Cold-chain services to global biopharma will be a $7.6-billion industry in 2013, rising to $8.9 billion in 2016


Latest forecast from Pharmaceutical Commerce sees 37% growth between 2010-2013; delays in biosimilars commercialization will hamper future growth

The 3rd annual Biopharma Cold Chain Sourcebook, a market study and guidance resource of this fast-evolving market pioneered by Pharmaceutical Commerce, has just been published. Factoring in global trends in pharmaceutical manufacturing and distribution, the study finds that the market for cold chain services (from air, land and sea carriers, third-party logistics firms, and dedicated packaging and instrumentation) was $6.5 billion in 2010, and is projected to rise to $7.6 billion in 2013. Projecting ahead to 2016, the market will be worth $8.9 billion, a 17.1% growth rate during that period.

“Specialty and biotech products are the fastest-growing parts of the overall pharma industry, and the majority of those products require cold chain services, so it follows that this market will continue to grow faster than overall pharma distribution,” says Nicholas Basta, editor of Pharmaceutical Commerce and coauthor of the Sourcebook. At the same time, earlier, more optimistic estimates of the biosimilars market have been tempered by the delays in getting a reliable regulatory framework in place. “When we did the first study, in 2010, various analysts were predicting a biosimilars market of $15 billion in 2015; now, IMS Health is projecting only a $2-2.5-billion market by then,” he says. “Other analyses have shown that the availability of lower-cost biosimilars will expand the overall market for biotech products, and then for cold chain services, but that growth is not occurring as fast as expected in past years.”

Which is not to say that this market is not experiencing explosive growth. A majority of biotech products require refrigerated (2-8°C) storage and transportation, as do most vaccines, blood products and other injectables. Meanwhile, the regulatory requirements for what has traditionally been called “controlled room temperature” (CRT) storage and transportation are tightening—and that covers a majority of all pharmaceuticals. “Manufacturers and distributors are not applying CRT requirements uniformly around the world, but these requirements are showing up in more places for conventional pharma transportation,” says Basta. “In the meantime, the technology to monitor, record and report transportation conditions is advancing rapidly.”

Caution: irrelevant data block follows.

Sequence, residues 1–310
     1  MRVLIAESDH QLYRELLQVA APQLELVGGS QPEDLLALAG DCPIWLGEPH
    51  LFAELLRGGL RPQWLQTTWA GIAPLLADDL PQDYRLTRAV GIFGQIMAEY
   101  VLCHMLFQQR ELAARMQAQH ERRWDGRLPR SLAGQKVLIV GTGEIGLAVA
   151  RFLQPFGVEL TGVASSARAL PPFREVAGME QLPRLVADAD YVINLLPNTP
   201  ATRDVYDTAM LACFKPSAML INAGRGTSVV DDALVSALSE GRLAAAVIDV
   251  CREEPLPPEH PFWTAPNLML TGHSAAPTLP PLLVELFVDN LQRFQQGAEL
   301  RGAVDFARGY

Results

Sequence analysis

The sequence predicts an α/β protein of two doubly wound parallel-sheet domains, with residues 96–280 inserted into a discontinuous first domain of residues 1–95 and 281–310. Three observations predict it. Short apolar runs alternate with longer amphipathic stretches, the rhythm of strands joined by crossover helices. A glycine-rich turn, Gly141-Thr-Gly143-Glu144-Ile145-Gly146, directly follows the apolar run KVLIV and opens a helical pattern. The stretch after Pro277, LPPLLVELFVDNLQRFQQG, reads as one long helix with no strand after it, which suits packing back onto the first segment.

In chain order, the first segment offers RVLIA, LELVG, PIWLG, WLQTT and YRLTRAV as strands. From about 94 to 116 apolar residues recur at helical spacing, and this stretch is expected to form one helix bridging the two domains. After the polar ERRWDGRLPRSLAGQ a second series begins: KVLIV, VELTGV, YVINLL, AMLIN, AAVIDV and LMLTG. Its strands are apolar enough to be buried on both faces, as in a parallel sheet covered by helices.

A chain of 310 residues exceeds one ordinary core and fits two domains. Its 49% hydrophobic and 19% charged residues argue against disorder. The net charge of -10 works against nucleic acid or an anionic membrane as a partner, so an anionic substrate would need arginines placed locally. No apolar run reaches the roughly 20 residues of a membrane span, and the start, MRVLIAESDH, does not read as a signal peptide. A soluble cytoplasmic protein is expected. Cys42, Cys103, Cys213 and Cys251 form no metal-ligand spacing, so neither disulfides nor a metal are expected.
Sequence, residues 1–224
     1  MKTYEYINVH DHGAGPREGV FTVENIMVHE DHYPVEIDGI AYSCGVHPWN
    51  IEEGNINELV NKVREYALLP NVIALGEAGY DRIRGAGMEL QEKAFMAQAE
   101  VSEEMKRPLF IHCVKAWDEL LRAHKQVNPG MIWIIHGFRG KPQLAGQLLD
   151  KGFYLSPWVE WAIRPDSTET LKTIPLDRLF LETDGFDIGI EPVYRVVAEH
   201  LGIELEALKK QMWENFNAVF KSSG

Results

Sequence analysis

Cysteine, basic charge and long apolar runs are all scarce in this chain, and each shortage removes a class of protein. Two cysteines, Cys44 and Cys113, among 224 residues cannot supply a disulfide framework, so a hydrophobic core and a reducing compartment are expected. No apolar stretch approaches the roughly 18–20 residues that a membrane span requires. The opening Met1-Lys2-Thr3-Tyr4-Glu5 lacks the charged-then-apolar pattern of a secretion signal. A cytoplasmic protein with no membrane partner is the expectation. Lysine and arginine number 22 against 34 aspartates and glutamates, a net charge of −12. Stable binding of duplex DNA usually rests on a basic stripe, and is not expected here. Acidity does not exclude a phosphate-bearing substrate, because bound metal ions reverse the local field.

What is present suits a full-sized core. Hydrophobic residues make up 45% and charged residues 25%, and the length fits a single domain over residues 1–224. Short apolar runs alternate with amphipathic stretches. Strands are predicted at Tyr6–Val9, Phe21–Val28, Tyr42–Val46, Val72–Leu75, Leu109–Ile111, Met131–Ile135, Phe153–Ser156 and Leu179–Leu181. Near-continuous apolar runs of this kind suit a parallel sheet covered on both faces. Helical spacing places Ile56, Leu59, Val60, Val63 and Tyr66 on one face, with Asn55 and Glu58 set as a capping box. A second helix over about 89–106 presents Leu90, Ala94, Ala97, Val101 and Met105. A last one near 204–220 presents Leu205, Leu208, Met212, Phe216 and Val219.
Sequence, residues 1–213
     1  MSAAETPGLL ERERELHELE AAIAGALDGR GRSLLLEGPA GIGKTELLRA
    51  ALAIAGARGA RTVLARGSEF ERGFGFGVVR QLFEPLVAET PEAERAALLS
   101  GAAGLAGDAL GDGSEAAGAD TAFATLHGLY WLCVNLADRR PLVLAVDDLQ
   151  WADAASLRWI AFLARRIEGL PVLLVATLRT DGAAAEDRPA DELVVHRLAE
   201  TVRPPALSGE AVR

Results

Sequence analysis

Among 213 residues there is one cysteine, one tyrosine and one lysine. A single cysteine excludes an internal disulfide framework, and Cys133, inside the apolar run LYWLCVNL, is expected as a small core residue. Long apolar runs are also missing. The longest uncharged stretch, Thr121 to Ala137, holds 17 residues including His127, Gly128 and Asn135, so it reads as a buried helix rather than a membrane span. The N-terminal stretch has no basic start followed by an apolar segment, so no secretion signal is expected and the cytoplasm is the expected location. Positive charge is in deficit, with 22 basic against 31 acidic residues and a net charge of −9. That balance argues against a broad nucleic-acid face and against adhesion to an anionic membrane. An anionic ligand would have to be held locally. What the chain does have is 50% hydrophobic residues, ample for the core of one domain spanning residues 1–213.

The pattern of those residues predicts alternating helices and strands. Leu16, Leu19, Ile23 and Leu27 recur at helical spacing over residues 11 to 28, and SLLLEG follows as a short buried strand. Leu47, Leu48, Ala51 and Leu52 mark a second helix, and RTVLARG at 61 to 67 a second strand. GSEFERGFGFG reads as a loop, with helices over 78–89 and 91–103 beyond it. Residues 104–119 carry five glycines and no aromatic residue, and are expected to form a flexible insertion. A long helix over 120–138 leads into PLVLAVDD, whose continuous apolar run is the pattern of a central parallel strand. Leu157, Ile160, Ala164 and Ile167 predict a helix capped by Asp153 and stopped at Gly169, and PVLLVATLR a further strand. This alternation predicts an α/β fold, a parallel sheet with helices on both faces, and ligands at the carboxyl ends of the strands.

The $7.6-billion cold chain market in 2013 further breaks down to $4.8 billion in transportation services, and $2.8 billion in tertiary (transport-related) packaging and instrumentation. Clinical trial logistics (not a part of the $7.6-billion commercial market) is projected to be $2.67 billion in 2013.

The 245-page Sourcebook includes analysis of regional trends in cold chain services, a review of current and upcoming regulations, and a directory of key suppliers, 3PLs and related logistics services. It is available for purchase; call (+1) 203 831 0711, or email at [email protected]

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